When it comes to providing for generation resource adequacy in U.S. regional power markets, FERC has generally walked a pretty fine line. On the one hand, FERC has tended to acknowledge the primary role that historically has been played by state law and policy. On the other hand, when regional power markets have sought to create capacity markets or other mechanisms to integrate resource adequacy into the regional markets, FERC has tended to support such actions.
Not so fast, said Connecticut state officials, after they concluded that the state was getting the short end of the stick in a regional New England capacity market plan accepted by FERC. Where exactly did FERC find its authority, Connecticut asked, to act on generation resource adequacy matters?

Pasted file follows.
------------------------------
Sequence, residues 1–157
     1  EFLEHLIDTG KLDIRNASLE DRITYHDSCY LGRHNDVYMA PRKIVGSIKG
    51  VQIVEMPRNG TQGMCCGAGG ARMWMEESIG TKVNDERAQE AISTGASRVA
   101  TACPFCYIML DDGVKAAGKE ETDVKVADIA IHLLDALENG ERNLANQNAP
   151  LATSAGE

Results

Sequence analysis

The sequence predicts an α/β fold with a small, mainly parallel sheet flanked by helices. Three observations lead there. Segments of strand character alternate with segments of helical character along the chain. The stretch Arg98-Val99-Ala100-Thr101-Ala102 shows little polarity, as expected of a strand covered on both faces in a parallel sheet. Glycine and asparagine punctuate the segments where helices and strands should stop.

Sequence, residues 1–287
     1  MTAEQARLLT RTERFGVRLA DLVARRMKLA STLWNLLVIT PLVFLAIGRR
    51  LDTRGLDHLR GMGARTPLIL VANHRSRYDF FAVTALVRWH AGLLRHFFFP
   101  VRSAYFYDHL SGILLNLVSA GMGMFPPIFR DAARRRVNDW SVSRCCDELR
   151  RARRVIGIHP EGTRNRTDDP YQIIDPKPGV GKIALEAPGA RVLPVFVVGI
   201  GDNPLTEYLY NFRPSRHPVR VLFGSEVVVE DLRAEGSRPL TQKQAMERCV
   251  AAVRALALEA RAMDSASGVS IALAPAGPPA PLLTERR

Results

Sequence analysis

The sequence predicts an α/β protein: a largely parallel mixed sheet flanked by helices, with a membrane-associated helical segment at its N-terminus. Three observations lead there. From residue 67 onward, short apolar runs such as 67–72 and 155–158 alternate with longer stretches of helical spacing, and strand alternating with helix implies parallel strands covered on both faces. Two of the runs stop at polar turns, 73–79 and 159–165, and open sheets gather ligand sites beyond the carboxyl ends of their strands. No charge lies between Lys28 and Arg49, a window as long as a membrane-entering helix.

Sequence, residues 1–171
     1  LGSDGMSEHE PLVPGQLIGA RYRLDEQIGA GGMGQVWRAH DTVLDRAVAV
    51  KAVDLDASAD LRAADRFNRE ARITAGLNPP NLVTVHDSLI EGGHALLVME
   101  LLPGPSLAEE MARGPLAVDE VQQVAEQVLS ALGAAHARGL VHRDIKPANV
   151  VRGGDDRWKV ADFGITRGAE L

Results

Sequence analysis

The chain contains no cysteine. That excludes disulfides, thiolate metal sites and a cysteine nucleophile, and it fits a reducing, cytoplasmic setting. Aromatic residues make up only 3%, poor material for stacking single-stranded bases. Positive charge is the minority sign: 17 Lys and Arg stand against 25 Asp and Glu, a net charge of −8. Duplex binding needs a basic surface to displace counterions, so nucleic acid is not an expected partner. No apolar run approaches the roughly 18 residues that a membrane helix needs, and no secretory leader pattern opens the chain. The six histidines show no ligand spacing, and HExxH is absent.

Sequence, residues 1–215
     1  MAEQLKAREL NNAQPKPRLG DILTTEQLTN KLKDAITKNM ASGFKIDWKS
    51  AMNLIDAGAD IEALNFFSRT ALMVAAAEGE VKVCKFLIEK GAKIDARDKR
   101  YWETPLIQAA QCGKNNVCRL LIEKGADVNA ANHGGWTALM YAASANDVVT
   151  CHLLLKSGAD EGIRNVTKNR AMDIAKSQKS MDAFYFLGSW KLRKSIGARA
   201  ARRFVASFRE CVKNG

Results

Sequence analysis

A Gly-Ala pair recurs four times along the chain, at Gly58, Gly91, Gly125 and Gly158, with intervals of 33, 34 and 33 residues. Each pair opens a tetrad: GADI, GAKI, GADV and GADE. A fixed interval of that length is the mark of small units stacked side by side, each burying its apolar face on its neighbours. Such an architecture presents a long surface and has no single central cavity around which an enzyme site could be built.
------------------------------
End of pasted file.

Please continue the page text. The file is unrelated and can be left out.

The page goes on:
FERC’s first answer — that the New England’s system operator tariff and contractual documents provided FERC with authority to rule on the proposal — didn’t pass the sniff test. Obviously, Connecticut said in response, neither the tariff or a contract could provide FERC with statutory authority to regulate generation resource adequacy.
Connecticut took FERC to court, and FERC switched arguments to claim that Section 201 of the Federal Power Act gave them authority to act.
Not so fast, said the Court, which wanted to judge the agency’s decisions based on the reasoning contained in the agency’s orders, not post hoc rationalizations cooked up for the court. But the reasoning in the agency’s orders was inadequate, so the Court has sent the issue back to FERC. Try again, the Court said to FERC, to explain just where in the law the agency finds authority to regulate generation resource adequacy.
(HT to Energy Legal Blog, which has links to the order and various parties involved in the case.)